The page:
Singh won several titles around the world before coming to the United States and playing the PGA Tour as a rookie in 1993. He was 30 years old. Since then, he has won 24 times, which is more than any other active player under the age of 50 except for Woods, who has 40. His 12 victories since turning 40 last year are second to only the legendary Snead, who won 17.
"What I see of Vijay is he works about as hard as anyone I have seen in a long time," said Palmer, 75. ""I certainly think that's where the whole thing comes from. His hard work and his effort. You've got to give some consideration to the fact that he's a little older than when most of us did the same thing. That is probably the most notable thing about it."
Never satisfied, Singh doesn't just haphazardly pound balls. He often puts a water bottle on the ground for alignment, a broken shaft in the ground behind him to guide his swing plane, a head cover under his left armpit to stay connected. And then there are the divots, seemingly dug from here to China. By the end of a practice session, Singh has left rows of them.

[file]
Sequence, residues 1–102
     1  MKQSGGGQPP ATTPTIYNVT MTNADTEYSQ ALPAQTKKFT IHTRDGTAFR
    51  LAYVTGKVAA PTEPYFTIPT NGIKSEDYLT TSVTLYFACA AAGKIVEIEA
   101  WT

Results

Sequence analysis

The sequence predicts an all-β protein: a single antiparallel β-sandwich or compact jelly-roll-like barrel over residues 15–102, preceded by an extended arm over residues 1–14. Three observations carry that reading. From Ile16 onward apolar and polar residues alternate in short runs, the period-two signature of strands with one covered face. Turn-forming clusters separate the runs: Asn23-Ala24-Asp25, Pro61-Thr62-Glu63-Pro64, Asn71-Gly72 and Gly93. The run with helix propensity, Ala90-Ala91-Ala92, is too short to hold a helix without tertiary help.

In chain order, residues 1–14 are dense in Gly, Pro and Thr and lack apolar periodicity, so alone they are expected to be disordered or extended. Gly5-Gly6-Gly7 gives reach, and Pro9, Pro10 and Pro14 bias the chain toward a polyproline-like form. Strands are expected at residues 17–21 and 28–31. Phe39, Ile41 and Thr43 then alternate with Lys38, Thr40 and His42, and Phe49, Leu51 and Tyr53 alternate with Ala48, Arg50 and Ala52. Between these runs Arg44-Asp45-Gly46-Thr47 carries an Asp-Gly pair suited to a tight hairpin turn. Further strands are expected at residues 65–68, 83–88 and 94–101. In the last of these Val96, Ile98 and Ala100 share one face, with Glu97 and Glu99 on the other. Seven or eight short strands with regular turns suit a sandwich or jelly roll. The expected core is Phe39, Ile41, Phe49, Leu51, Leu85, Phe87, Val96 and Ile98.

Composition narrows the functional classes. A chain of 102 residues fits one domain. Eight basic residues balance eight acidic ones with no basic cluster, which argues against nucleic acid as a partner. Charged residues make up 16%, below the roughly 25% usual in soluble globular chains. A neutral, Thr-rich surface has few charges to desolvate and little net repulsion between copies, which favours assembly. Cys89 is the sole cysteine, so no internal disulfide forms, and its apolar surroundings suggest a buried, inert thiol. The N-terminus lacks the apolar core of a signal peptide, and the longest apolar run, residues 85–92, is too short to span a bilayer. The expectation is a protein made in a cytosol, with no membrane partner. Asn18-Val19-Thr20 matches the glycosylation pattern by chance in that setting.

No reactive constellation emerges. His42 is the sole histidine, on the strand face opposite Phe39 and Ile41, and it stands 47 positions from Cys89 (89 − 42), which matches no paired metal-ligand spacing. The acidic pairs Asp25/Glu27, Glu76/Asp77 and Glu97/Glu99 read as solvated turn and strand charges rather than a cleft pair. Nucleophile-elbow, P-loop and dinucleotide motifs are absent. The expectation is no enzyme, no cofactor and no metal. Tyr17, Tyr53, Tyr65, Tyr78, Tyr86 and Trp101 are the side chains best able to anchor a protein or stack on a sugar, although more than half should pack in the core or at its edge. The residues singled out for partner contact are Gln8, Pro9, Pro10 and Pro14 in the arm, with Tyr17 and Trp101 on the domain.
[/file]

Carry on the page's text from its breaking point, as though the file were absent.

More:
Because Woods won three majors in 2000 -- nobody had ever won more than two in the same season -- his year will be tough to beat, even if Singh does go on to win 10 times.
But Singh has some other impressive feats. In addition to his playoff victory at the PGA, he beat fan favorite John Daly at the Buick Open, held off Woods at the Deutsche Bank Championship to unseat Tiger as the No. 1 player in the world. And then he beat Mike Weir in a playoff at the Canadian Open, where a partisan crowd cheered every step for their native son.
Is it as impressive as Woods' nine-victory, three-major season of four years ago? Probably not, but it might be a close second. Snead's 1950 season included no major titles.
Byron Nelson won 18 times in 1945, Ben Hogan followed with 13 victories in 1948 and 10 in 1948 and did win two majors in the latter year. But given the competition today, the depth of fields, you could easily make a strong argument for Singh's '04 season being the best ever.
Attaining the No. 1 ranking was especially meaningful to Singh, who put himself in position to do so last year when he won the PGA Tour money title for the first time and captured four tournaments. Woods, who has just one victory this year, provided the opening.
"When I achieved it I got a great response from my peers," Singh said. "Everywhere I went, they just looked up at me and congratulated me, and that was really something that was special. And that got to me."
But don't expect it to turn Vijay into a softie for long.
"I'm sure this will motivate Tiger," Mediate said. "But if Vijay keeps playing like this, it's going to take a long time to take (the No. 1 ranking) away from him. He's not done yet."
Bob Harig covers golf for the St. Petersburg Times and is a frequent contributor to ESPN.com. He can be reached at email@example.com.